A child can also be a step or foster child, niece, or grandchild or their descendants. The child must be under 17 years old before the beginning of the tax year and not provide more than 50% of their own financial support and must have lived with you for more than half the year in which you are claiming the tax credit.
The calculations for the "Additional Child Tax Credit" can change from year to year. There are also situations in which the estimate for Form 8812 may need to be modified. It is better to speak to your expat tax professional to review current IRS guidelines.
Understanding the Foreign Earned Income Exclusion (FEIE), and Form 2555
If you live and work overseas, you may be able to exclude all or a portion of your foreign income except for dividends, interest, or capital gains, when filing your US tax return. A person must meet the Bona Fide Residence Test or the Physical Presence Test to qualify. To claim the credit, Form 2555 must be submitted with your 1040 tax filing.
If you file form 2555, you can not claim the Foreign Tax Credit (FTC) from your excluded income. But you can see if you can apply the FTC to that part of your income you did not exclude. Foreign income is decided based on where the service was performed and not how or where you were paid. Each Expat, including married couples, filing jointly, should submit their own Form 2555.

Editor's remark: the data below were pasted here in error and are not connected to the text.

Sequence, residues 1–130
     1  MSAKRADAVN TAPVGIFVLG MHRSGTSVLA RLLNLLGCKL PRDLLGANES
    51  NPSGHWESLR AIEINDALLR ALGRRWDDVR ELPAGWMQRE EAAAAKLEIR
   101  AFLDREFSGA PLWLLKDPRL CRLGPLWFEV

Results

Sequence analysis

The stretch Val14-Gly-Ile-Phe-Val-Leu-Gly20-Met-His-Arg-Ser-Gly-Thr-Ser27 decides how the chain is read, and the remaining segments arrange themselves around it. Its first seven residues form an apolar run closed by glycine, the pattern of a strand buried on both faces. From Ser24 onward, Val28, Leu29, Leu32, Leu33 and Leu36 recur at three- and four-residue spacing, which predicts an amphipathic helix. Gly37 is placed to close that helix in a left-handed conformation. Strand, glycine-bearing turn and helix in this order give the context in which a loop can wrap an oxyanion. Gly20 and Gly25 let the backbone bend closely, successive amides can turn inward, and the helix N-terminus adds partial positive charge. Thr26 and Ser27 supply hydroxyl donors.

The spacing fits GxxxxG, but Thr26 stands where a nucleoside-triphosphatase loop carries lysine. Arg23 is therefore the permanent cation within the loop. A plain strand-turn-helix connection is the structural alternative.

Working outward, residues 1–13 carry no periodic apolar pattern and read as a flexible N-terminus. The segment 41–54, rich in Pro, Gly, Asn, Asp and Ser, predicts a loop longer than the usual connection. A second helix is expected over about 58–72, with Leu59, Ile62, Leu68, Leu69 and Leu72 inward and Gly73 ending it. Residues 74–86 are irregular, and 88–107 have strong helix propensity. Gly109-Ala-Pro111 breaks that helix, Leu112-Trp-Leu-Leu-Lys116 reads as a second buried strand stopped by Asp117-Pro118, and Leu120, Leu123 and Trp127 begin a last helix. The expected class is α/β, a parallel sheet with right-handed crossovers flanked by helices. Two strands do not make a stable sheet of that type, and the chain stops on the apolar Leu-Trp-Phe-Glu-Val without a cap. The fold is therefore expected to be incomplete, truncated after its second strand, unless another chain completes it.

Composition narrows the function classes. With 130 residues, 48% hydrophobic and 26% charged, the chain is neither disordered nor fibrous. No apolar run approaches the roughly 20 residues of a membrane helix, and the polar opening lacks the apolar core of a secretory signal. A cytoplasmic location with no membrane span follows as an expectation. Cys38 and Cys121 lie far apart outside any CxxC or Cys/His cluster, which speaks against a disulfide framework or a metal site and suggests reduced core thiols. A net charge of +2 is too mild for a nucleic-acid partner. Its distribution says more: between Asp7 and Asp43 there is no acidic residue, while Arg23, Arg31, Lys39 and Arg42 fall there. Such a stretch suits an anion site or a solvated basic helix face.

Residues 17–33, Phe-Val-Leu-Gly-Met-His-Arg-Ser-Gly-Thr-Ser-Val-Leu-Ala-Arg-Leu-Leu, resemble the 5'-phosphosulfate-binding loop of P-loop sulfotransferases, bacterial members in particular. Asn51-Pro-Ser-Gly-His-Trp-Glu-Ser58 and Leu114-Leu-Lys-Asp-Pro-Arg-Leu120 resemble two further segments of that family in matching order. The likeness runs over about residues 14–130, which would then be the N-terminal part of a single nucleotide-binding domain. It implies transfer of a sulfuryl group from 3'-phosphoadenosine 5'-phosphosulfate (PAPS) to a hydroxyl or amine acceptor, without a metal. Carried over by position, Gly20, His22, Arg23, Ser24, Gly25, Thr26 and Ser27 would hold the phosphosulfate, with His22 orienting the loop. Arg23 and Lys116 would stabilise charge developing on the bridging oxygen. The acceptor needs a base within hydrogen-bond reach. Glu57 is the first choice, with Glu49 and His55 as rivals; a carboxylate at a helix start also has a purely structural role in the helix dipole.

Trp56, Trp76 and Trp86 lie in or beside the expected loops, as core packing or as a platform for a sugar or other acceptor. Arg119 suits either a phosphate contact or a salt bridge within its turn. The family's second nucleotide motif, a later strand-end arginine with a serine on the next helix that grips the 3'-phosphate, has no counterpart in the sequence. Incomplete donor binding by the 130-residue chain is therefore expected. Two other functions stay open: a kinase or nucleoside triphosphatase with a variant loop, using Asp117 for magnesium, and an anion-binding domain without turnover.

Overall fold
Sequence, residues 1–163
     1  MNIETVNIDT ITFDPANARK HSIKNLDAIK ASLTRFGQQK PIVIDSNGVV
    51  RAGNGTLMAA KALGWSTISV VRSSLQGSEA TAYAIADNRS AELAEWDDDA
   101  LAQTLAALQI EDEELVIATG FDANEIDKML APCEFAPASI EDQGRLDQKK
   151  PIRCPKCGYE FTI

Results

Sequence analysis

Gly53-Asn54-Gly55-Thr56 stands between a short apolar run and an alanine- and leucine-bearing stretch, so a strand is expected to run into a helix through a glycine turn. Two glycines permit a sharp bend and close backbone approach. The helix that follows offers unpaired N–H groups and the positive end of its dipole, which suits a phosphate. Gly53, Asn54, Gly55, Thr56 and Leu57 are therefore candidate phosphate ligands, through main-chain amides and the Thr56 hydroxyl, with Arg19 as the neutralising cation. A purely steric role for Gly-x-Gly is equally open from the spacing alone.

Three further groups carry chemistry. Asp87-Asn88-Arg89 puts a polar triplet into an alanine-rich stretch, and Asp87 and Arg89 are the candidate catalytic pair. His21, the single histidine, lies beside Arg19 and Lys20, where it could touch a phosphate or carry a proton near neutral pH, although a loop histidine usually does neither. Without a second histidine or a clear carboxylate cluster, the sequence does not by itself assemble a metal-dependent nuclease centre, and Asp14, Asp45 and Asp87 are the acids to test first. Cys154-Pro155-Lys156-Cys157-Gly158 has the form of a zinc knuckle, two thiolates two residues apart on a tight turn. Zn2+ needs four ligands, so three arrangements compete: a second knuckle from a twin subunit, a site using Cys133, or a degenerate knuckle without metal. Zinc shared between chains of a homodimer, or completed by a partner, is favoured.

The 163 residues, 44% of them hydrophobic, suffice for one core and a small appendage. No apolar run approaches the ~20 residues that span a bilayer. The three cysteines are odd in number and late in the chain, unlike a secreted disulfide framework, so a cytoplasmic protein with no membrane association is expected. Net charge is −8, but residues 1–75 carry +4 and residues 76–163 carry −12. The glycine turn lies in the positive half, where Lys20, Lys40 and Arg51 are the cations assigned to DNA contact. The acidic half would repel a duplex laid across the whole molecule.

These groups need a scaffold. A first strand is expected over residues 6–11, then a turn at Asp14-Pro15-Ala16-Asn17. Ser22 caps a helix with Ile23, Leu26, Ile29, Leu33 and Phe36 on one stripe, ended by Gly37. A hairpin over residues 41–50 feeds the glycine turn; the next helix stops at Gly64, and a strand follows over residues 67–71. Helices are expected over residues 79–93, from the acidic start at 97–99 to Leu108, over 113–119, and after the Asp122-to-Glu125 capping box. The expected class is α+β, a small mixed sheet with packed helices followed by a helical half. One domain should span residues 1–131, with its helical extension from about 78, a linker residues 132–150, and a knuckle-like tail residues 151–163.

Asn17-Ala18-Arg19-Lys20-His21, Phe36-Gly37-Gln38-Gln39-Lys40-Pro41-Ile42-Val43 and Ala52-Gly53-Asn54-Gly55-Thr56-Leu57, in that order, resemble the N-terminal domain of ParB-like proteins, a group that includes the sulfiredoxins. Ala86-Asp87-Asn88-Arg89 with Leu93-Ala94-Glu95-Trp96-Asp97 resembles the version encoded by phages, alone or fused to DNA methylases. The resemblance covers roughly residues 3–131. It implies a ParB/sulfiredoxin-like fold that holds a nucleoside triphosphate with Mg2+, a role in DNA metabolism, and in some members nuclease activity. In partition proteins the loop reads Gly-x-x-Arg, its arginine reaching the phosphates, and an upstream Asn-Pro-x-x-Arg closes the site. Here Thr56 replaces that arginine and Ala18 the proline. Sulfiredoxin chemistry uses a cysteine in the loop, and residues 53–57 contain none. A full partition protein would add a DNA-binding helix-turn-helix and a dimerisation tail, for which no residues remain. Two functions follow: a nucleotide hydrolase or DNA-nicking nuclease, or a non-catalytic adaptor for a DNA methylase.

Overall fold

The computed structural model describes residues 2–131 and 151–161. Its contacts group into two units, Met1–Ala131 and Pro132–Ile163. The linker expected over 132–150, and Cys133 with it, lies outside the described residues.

As with most types of foreign credits, a person must pass the Bonafide Residence Test or Physical Presence Test and the Tax Home Test. There are some conditions, such as "adverse" conditions, which can be applied, allowing you to be exempt from these rules.
The IRS's' definition for "tax home" is your usual or principal place of business, work, or post of duty, regardless of where you maintain your family home. You may have more than one tax home per year.
The TaxLawExpats website, pages, and posts are for informational or educational purposes only. It is neither a legal or tax advice, nor is it to be understood as such. Each person or business's circumstances is unique. You should seek legal tax advice to discuss or clarify questions you may have.